How do some countries make political laws against the burka but not against nun habits?

  • Throughout Europe, in recent years, the issue of the muslim burka and its potential ban has often been discussed.

    I have heard a couple of reasons at most, and they all pretty much sum up to 'burka -> woman oppression -> bad'.

    My question is, how would one then politically and legislatively navigate around the issue of banning the burka specifically, and not any other similar-looking clothing, such as nun habits? And even if one manages to ban the burka specifically and not the nun habit, how would one deal with muslim women throwing away their burkas and wearing the allowable nun habit?

    woman in burka woman in nun habit

    Another good reason is security. Also, a major difference is that nuns usually do not fully cover their face. I think the ban may apply to any kind of clothing that fully covers the face (i.e. masks).

    I wouldn't expect any Moslem woman to wear a nun's habit, as it's clearly associated with another religion so wearing it could be considered defecting Islam.

    Via politics? Namely spin? I don't know if this is really a political question.

    The outfit on your picture is usually called a niqab, not a burka.

    @Relaxed Both are burkas. Some languages have many names for what the English call 'snow.' This is similar: many names in a foreign language - arabic - are covered by one word in English. See also https://politics.stackexchange.com/questions/18468/why-are-proposals-for-islamic-garment-bans-focussed-on-the-burqa-when-the-niq/18535#18535 .

    @Sjoerd English doesn't really have any established word for this, both are foreign words that only recently found some usage and people who know a little about the subject do make the difference. But I did write “usually”, this was just meant as an additional piece of information. If you want to take pride in your ignorance, feel free to continue doing it…

    @Alexei That's not a very serious argument and in any case not the way it has been applied. In France for example, it bans outfits “intended to hide the face”. It wasn't intended to ban ski masks, carnival outfits or funny costumes which also hide the face (but only incidentally) and certainly hasn't been interpreted that way.

    @JonathanReez No matter what you think about the phenomenon, this kind of naive thinking is completely beside the point. In France, I would be surprised if many people “arrived” wearing a niqab. Some are converts (2/3rd according to something I read in a daily), other grew up as muslims and later went down a path of religious piety and/or political radicalisation. Apart from some rich tourist caught in the cross-fire, I expect the vast majority to be French citizens born in France.

    Incidentally, I also fully expect wearing the niqab to be a personal, deliberate choice, much more so than wearing another form of hijab, where cultural traditions or family pressure can have a bigger role.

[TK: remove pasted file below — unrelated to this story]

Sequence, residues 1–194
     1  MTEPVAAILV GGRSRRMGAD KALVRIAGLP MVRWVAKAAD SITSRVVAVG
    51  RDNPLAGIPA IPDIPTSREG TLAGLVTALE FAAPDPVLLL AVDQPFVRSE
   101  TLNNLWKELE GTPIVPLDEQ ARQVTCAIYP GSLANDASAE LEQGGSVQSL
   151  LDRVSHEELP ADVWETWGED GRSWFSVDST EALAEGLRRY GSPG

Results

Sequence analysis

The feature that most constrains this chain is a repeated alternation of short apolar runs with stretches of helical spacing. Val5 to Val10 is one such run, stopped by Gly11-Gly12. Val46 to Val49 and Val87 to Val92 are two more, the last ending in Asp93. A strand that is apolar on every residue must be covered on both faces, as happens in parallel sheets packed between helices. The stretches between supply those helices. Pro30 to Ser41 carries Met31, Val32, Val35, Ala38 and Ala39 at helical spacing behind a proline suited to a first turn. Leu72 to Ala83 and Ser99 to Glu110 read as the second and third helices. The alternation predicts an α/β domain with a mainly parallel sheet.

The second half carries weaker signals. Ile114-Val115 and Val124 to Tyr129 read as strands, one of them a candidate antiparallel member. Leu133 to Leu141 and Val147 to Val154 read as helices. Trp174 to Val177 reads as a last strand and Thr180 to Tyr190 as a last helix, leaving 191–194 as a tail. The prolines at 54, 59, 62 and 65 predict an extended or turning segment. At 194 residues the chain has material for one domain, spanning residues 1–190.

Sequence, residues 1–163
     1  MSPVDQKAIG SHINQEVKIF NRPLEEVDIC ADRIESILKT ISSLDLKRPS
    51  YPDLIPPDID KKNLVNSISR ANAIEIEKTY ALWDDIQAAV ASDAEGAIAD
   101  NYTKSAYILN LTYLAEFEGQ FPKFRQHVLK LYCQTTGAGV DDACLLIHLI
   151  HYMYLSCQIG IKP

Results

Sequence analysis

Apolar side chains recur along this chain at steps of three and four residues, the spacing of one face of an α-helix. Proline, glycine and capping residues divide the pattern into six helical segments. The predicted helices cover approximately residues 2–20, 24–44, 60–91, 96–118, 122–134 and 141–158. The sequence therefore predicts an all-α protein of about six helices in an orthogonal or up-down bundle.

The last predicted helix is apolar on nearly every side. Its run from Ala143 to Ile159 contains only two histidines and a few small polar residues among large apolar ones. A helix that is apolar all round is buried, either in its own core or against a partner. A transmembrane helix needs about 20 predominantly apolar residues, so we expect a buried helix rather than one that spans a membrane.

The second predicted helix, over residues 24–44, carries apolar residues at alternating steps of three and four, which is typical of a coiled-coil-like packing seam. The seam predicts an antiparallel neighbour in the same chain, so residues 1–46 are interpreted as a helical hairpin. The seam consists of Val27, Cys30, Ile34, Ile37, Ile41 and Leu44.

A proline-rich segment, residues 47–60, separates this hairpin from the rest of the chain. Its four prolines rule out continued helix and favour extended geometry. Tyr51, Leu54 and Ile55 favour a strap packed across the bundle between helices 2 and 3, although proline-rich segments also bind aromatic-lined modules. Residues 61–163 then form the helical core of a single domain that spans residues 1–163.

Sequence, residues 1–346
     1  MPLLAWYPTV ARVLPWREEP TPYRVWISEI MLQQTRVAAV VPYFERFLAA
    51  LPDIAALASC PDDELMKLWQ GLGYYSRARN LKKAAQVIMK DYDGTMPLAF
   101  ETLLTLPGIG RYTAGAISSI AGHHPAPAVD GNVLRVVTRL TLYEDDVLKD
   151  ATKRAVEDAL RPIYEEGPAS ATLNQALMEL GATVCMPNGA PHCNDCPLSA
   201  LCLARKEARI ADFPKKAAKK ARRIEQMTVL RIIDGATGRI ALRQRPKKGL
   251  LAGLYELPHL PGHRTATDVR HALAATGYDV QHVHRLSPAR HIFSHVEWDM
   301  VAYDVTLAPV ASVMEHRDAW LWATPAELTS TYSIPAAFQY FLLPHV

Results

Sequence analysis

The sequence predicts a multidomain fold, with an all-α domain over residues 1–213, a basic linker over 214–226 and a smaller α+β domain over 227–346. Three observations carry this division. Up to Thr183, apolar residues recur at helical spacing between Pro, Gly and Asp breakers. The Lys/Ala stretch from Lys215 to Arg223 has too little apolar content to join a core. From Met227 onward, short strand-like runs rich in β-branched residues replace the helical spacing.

Since Vatican II nuns more often than not do not wear full habits.

    A bit OT, but do they make an exception for the far north in winter, to prevent frostbite?

    @KeithMcClary An exception for safety reasons - e.g. motor helmet while driving a motorcycle, ski masks while skiing - is routinely included. That should cover frostbite danger.

    Being a nun is basically a job, and the habit is the nun's uniform. The burka (as I understand it) is required for all woman of a particular faith. The two things, although they appear similar, are not directly comparable. Other women of the same religion as a nun are not required (maybe even not allowed) to wear a nun's habit without being a nun.

    @CJ Dennis, The Burka or hijab for that matter is NOT required in Islam. It is Sunnah, meaning recommended. I just wanted to clear this up as most western world thinks it's a requirement as opposed to recommendation.

    A diver's suit looks even more like a niqab and usually isn't prohibited.

    Surely _how_ they ban one but not the other is a **legal** question; _why_ they ban one but not the other is the **political** question.

    "...if one manages to ban the burka specifically and not the nun habit..." I think that is not too difficult. The differences between the two are easily identifiable.

  • Sjoerd

    Sjoerd Correct answer

    4 years ago

    How do some countries make political laws against the burka but not against nun habits?

    The nun habit doesn't cover the face, that's the big difference.

    The usual approach in Europe is to forbid/restrict face covering. Therefore a nun habit usually is allowed.

    The European Court of Human Rights has allowed bans based on that approach, e.g. the French so called "Burka Ban."

    Note that the French ban also prohibit non-religious clothing like this (taken from @Laurent PELE's answer with permission):

    Balaclava

    From Wikimedia.

    Comments are not for extended discussion; this conversation has been moved to chat.

    Hmm what about ski resorts?

    @Kyslik A ski resort generally isn't public property - but then the nation's roads *are* - and motorcyclists are indeed ordered to wear full helmets now... an interesting contradiction.

    A ski mask whilst skiing or a motorcycle helmet are protective clothing and so is allowable

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